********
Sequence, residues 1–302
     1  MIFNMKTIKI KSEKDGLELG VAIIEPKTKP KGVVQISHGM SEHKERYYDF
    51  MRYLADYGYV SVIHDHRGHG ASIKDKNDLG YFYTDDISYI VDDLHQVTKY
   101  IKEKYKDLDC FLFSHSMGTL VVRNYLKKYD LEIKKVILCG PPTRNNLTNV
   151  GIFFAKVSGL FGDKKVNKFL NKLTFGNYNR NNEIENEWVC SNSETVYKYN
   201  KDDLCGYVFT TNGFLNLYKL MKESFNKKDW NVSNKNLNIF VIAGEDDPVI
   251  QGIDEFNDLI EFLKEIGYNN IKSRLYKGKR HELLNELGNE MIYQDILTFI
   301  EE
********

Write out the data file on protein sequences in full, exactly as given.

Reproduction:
Sequence, residues 1–302
     1  MIFNMKTIKI KSEKDGLELG VAIIEPKTKP KGVVQISHGM SEHKERYYDF
    51  MRYLADYGYV SVIHDHRGHG ASIKDKNDLG YFYTDDISYI VDDLHQVTKY
   101  IKEKYKDLDC FLFSHSMGTL VVRNYLKKYD LEIKKVILCG PPTRNNLTNV
   151  GIFFAKVSGL FGDKKVNKFL NKLTFGNYNR NNEIENEWVC SNSETVYKYN
   201  KDDLCGYVFT TNGFLNLYKL MKESFNKKDW NVSNKNLNIF VIAGEDDPVI
   251  QGIDEFNDLI EFLKEIGYNN IKSRLYKGKR HELLNELGNE MIYQDILTFI
   301  EE